Unconventional is the real norm

You have a bit of a cough, night sweats and a searing headache every now and again. So, what’s the diagnosis?

Well, the healthcare practitioner either needs to throw the bones, wash in the blood of a sacrificed animal or recognise a sign given by a long-departed ancestor before a proper diagnosis can be made.

This may sound alien to many Mail & Guardian readers, but to the majority of South Africans it is normal. Research conducted by the Pietermaritzburg Institute of Natural Resources found that 84% of South Africans consult a sangoma more than three times a year.

Looking further afield, the World Health Organisation (WHO) estimates that approximately 80% of the population of the African continent uses traditional medicine as their primary source of healthcare and so do more than 65% of the world’s population.

Traditional medicine, complementary and alternative medicine also fall under the category of non-conventional medicine. Among the many different types the most common include traditional Chinese medicine, acupuncture, osteopathy, naturopathy, chiropractic medicine, homeopathy, therapeutic reflexology, therapeutic aromatherapy and Ayurvedic medicine.

These alternative medicines enjoy a unique status in South Africa, which is one of the few countries in the world to promote the integration of non-conventional medicine with its conventional counterpart.

It stems from the ANC’s National Health Plan of 1994, which stated: “Traditional healing will become an integral and recognised part of healthcare in South Africa. Consumers will be allowed to choose whom to consult for their healthcare and legislation will be changed to facilitate controlled use of traditional practitioners.”

After a rocky passage through parliamentary and legal structures, the Traditional Medicines Act was signed into law in 2007. It states that all healthcare practitioners must be registered to practice and that they must have achieved a minimum standard of training at an institution accredited by the relevant council set up by the department of health.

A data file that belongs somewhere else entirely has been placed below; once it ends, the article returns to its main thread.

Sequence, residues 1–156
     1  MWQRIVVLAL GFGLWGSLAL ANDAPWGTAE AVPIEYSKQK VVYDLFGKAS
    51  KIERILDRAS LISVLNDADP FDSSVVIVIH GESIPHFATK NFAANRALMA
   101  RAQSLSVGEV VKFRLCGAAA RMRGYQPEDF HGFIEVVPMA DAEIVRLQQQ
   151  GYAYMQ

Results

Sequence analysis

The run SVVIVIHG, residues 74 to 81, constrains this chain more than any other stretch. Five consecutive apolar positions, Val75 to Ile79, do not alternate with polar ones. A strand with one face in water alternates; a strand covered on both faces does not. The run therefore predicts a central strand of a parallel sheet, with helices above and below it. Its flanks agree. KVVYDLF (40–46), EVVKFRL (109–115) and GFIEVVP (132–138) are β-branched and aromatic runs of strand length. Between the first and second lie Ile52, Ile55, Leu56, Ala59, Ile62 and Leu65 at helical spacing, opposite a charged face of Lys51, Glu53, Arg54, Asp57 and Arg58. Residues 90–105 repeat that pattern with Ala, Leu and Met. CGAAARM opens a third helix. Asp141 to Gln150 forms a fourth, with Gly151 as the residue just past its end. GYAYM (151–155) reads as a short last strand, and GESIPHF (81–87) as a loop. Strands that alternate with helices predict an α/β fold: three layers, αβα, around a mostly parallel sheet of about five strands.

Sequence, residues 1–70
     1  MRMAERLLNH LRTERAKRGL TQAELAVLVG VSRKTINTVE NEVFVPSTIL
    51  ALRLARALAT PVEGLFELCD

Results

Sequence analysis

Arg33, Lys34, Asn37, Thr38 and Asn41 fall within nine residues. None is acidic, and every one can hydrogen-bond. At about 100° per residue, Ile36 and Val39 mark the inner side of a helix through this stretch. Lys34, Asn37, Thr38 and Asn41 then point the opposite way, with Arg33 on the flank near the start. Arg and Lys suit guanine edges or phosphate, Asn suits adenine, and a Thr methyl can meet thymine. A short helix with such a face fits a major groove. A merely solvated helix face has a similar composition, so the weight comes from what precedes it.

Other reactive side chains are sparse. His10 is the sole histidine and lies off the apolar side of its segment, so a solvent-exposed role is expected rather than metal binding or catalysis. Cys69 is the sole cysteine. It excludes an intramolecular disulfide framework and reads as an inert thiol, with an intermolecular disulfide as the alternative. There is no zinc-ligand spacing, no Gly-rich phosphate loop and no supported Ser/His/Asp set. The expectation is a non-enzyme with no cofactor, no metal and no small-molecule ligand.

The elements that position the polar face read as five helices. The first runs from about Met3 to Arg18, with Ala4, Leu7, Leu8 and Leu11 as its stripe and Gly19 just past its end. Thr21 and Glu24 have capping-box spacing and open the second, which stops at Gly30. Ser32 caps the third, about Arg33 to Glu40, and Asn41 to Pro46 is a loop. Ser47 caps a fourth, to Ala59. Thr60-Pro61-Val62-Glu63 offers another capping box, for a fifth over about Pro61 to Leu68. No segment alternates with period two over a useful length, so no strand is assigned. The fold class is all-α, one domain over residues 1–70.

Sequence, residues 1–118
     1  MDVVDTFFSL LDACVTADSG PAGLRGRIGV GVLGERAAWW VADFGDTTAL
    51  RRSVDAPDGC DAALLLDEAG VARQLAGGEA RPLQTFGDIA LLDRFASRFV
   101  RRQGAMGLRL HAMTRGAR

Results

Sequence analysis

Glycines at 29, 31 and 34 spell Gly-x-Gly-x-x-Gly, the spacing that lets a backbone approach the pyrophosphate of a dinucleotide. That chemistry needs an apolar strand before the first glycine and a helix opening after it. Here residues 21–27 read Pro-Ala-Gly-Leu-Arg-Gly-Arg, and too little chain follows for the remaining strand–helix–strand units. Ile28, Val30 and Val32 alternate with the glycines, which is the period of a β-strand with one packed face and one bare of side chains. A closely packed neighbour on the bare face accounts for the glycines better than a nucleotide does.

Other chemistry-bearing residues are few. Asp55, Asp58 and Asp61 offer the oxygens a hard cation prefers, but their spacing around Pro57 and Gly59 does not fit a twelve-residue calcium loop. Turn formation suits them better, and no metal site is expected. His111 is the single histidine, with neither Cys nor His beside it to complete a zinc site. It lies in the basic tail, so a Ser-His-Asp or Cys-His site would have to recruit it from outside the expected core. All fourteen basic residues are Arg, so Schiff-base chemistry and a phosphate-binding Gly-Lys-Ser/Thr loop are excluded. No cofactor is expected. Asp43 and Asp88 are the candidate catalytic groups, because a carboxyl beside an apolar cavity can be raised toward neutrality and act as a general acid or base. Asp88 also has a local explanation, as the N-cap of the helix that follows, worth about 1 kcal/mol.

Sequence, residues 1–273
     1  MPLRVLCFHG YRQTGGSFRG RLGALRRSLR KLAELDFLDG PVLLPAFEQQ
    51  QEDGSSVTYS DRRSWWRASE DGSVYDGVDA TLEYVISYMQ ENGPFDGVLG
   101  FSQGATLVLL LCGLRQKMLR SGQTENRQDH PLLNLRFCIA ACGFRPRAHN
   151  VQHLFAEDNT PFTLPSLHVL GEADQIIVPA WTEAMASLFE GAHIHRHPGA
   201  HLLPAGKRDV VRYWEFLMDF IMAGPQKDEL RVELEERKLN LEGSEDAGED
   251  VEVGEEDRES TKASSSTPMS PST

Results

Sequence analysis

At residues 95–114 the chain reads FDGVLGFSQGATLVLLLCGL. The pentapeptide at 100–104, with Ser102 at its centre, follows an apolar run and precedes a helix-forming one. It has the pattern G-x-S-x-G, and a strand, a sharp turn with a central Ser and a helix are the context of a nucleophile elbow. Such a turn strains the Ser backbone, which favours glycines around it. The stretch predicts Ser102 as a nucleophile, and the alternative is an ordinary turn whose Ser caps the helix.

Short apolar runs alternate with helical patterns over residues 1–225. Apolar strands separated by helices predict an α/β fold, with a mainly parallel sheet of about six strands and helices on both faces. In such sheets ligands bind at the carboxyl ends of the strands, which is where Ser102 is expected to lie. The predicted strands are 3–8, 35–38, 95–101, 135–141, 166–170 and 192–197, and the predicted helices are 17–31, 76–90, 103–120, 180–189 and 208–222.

Regulatory councils are responsible for the registration of practitioners, the establishment of educational standards for registration and the general regulation of healthcare professions.

The Traditional Health Practitioners Act classifies traditional healers as:

  • Diviners (izangoma/amagqirha;
  • Herbalists (Izinyanga/amaxhwele);
  • Prophets/faith-healers (abaprofeti/abathandazeli);
  • Traditional surgeons (iingcibi); and
  • Traditional birth attendants (ababelethisi/abazalisi).

There are less than 190 000 traditional medicine practitioners in South Africa, but considerably more than the 27 500 or so doctors and specialists. The WHO is also promoting the use of traditional and non-conventional medicine, where appropriate, in underdeveloped countries. Its strategy is to promote the safety, efficacy and quality of alternative products and practices.

It seems that globally various national health systems are also taking a closer look at alternative medicine. The two most populous countries in the world, China and India, continue to promote its uses. In China medical students still need to study traditional Chinese medicine for one year as part of their conventional medical course. In India medical students also spend one year studying traditional medicine.

The one big question concerning unconventional medicine remains: do they really work? The greater proportion of the world’s population certainly seems to think so. In developed countries, such as France and Germany, 30% to 40% of all medical doctors rely on herbal preparations as their primary medicines. In a 2002 survey conducted by the National Centre for Health Statistics 74,6% of adults claimed to have used some form of unconventional medicine.

Traditional medicine will be the topic of Bonitas Housecall at 9am on Saturday April 2 on SABC2

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